The grief that drew us together after Sept. 11 was a galvanizing force that dispatched men and arms to the Middle East. Our men and women in uniform bear the burden so that we can feel safer at home. Two years and counting after Sept. 11 there has been no terrorist attack on our soil.
A poll of 976 adults conducted for the New York Times suggests that more New Yorkers feel queasy and jittery on 9/11 this year than last year, but such polls tell us nothing about why that should be.
We risk trivializing trauma as a diagnosis for perfectly normal reactions to sudden violence in a scary world. Post Traumatic Stress Disorder, carelessly applied to symptoms of shell shock for soldiers returning from Vietnam, is now being used by mental health professionals, often at the coaxing of lawyers in search of someone to sue, to diagnosis predictable human reactions to life's unexpected tragedies.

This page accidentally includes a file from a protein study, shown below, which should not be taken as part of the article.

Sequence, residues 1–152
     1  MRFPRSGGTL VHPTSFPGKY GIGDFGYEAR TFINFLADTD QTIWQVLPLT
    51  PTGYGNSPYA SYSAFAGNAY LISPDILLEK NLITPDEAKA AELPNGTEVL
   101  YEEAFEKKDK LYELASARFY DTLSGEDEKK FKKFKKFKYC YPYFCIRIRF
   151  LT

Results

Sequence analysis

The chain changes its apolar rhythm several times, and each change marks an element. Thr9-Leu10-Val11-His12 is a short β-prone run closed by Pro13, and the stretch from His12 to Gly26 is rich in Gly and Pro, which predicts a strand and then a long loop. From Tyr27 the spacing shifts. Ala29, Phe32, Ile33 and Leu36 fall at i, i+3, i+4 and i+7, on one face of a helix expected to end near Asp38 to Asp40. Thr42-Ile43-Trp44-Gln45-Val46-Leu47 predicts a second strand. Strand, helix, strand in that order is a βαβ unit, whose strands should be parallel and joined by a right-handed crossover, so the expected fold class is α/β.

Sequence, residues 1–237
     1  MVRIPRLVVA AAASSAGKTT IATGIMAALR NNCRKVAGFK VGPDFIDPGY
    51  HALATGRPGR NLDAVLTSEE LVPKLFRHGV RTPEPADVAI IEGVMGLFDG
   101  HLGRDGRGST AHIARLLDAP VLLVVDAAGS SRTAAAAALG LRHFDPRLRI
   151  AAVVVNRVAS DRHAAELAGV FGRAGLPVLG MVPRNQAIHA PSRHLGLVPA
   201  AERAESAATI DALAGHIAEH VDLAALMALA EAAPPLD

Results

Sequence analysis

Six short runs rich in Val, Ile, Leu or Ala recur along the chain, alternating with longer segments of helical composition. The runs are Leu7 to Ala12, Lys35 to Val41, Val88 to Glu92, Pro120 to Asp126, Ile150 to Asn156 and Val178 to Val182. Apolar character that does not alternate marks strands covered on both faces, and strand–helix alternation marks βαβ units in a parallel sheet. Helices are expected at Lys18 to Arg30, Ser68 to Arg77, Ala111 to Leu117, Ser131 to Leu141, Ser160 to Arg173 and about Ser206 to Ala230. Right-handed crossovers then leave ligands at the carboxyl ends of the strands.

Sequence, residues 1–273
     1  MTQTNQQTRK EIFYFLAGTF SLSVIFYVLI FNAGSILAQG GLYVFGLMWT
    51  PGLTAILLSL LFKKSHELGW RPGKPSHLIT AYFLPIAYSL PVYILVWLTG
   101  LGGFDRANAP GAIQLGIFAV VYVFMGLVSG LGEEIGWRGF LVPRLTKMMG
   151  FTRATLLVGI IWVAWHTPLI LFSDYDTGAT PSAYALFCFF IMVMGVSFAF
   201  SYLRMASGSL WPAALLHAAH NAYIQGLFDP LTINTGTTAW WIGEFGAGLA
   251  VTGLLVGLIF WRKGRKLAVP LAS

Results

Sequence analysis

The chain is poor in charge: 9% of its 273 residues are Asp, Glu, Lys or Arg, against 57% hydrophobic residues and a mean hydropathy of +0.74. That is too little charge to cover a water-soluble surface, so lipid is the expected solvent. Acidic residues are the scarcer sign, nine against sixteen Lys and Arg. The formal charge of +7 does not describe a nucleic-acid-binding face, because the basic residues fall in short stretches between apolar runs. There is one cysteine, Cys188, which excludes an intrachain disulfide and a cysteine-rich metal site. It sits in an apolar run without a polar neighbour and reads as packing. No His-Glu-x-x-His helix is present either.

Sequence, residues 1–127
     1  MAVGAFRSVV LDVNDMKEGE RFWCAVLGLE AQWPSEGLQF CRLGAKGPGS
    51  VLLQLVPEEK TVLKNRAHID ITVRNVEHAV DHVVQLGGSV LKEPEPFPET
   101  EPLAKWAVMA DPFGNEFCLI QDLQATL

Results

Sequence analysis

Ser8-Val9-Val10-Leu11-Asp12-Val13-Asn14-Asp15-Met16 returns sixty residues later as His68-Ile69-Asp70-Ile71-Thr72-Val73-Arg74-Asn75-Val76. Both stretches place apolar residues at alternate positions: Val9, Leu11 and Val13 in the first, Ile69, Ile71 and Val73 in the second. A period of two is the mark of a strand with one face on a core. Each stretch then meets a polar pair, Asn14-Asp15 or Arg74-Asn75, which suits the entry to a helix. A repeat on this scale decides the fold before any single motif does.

The Rand Corp. found that 44 percent of Americans experienced "substantial symptoms of stress" after the Sept. 11 attacks. The good news is that the 44 percent was not 100 percent. You would have to be crazy not to feel "substantial stress." We diminish the confrontation with death when we medicalize and attempt to mathematically calibrate human reaction to loss.
"No man is an island," John Donne wrote, but each of us grieves in a different way. As we contemplate a solemn moment of silence for those thousands who died on that bright blue September morning, we can pay them tribute by taking pleasure in what they left behind for us to enjoy, whether the pleasures of food and drink, of opening a window to the light, or just walking dully along. We must not allow evil men to weaken the resolve of good men to fight back.